Pausing

For the first time since I started this blog in August 2008 I skipped one of my monthly masthead updates (the March 2011 masthead). I won’t describe what this does to my obsessive-compulsive nature; I had to volitionally exhale, meditate on the true things that matter in life, and let. it. go. I traded in that masthead — and many, many other things — for doctoral candidacy. Not a bad trade off. The process of creating a dissertation prospectus, presenting the proposal to my committee, and getting approval for the project was the hardest step thus far in my PhD experience, and I will even go so far to say that it was one of the more challenging feats in my life. By the grace of God, I have finished that leg of the race.

Because most things in life can be analogized to triathlons, I think about the finish trusses that some races have for each triathlon leg.

At this point in the race, there is no medal for your neck and no formal finisher’s ceremony. But there is celebration. Family and friends congregate at these finishes. Triathletes smile as they pass through (you don’t always see the smile through pain-filled grimaces or tears, but it’s there). Whatever fear that was associated with that leg has been overcome and, whether the greatest challenge lies ahead or not, there is an unmistakable opportunity to celebrate.

Similar instances occur in life, so take them. Take those opportunities to celebrate the smaller victories along the journey, especially if the greatest challenge lies ahead. Even if it is an ever so brief moment allotted to pause, put hands on knees, take a few recovery breaths, and say “Wow, I did it!” before turning full stride again, soaking in the victory helps to fuel us for the legs that lie ahead.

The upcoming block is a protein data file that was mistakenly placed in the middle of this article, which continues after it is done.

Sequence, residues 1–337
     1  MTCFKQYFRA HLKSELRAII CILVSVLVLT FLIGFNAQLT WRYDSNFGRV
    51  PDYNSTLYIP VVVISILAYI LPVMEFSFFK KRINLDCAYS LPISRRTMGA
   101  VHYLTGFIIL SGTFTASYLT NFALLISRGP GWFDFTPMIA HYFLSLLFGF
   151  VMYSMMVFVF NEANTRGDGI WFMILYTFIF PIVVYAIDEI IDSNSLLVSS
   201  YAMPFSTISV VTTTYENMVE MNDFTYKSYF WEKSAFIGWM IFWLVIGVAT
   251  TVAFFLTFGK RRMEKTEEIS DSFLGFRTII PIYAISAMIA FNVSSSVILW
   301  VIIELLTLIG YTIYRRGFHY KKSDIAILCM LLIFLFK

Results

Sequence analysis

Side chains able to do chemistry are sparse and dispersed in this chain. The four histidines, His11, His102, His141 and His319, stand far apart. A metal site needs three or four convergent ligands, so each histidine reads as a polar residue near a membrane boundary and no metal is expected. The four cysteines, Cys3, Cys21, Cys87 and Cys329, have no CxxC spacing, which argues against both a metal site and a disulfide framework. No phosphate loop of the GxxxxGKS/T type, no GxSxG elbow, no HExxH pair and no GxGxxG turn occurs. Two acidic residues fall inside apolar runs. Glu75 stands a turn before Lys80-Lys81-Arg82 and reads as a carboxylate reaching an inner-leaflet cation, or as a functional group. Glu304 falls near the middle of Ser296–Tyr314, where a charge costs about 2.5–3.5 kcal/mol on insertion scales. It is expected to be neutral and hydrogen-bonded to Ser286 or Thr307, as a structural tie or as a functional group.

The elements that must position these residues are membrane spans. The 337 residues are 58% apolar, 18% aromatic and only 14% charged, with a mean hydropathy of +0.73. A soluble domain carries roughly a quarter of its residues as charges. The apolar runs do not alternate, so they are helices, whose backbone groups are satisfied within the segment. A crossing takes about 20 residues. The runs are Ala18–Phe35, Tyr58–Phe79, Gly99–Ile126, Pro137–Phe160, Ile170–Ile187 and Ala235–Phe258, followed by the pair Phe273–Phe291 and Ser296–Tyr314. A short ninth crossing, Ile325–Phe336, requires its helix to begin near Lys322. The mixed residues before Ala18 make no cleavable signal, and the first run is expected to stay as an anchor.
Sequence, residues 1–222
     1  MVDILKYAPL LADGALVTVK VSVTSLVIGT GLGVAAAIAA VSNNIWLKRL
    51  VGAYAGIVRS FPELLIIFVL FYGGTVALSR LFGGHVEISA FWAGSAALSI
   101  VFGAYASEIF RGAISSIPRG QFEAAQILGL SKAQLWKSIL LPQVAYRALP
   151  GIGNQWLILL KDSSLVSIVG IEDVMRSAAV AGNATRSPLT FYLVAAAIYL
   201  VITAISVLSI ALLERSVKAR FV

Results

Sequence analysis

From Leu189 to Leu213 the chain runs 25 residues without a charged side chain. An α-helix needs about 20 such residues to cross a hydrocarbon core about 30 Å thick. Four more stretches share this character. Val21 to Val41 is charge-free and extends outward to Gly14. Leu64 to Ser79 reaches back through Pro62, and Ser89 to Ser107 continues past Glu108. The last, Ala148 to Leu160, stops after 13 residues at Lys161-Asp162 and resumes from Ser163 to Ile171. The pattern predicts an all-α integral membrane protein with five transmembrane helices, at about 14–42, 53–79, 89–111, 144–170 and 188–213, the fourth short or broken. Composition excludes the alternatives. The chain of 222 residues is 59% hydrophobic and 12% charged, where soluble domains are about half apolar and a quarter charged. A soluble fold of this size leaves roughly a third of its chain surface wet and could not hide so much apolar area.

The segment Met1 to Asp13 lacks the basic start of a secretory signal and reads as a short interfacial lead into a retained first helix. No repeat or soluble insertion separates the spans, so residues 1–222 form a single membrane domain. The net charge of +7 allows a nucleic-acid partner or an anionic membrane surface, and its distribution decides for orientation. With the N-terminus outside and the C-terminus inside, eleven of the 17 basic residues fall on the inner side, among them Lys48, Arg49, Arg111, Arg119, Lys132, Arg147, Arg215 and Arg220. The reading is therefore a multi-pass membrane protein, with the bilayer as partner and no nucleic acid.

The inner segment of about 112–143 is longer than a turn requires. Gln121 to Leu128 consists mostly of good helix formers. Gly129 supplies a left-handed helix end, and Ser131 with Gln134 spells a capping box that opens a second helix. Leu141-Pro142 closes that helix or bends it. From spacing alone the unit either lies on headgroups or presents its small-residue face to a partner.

My PhD program is a pentathlon. The dissertation proposal was the 4th leg. There was no blue inflatable finish truss for this stage (though one would be a welcome addition to the department), but seeing my committee’s signatures on the doctoral candidate form was a rite of passage in itself. So I celebrated, albeit briefly, and am already full stride in the final leg of the program.

The April masthead — what I really wanted to write about in the first place — is an example of nature doing its own celebrating as it survived the winter leg and welcomes spring. The trees with these blooms line the streets of our neighborhood and they humbly proclaim, “Wow, we did it!” Because this kind of celebration is so inspirational and contagious, every time I step outside of my house I briefly pause to join them in the celebration. Yes, we did do it. We survived a rough season, a challenging leg of the race.

Inhale.

Exhale.

Aaahh.

Okay, now back to work.

Still Learning

The masthead for October 2010, “A Work-filled Fall,” perhaps could be better titled — “So What If It’s Late November and I’m Just Now Posting an October Masthead.” The photo was taken at the Philadelphia Convention Center with a cell phone that I’m eager to replace. Under one of the escalators/staircases was this huge wall of chinaware magically secured in place. I nearly blew right by the artistic expression as one who is distracted by her thoughts might do, but after I frustratingly tried to dodge a small crowd of people taking photos of it, I got out of my head long enough to see what they were actually taking a picture of.

Until someone pointed out to me on Facebook that none of the bowls and cups have handles, I thought this was a massive collection of coffee mugs. I’m going to go ahead with that initial impression and dedicate this masthead to the night in mid-October when I went to McDonald’s at 9pm and ordered a large mocha latte. I very rarely order a coffee-based drink, let alone an espresso-based drink. It’s more to do with taste preference than to do with caffeine. Actually, I’ve always purported that caffeine doesn’t affect me like it does others. That is, until I ingested 20 ounces of liquid adrenaline on an empty stomach that night at McD’s.

I entered the restaurant already exhausted but in need of a quiet work place because earlier that day my advisor had set a lofty deadline for the next morning. I worked there until 1am, then headed home for another 4 hours of dissertation bliss. Mid-all nighter, the shakes started. And the muscle tensing. And the heart pounding. I thought I was having a heart attack; of course I wasn’t in the mood to die, but it did cross my mind that I would at least have a good excuse not to meet my deadline.

Well, I didn’t die, I did meet my deadline, and I did realize that I am not impervious to a caffeine high. Just when I think I’ve figured myself out, there I go and surprise myself all over again. And I’m not just talking about the caffeine here.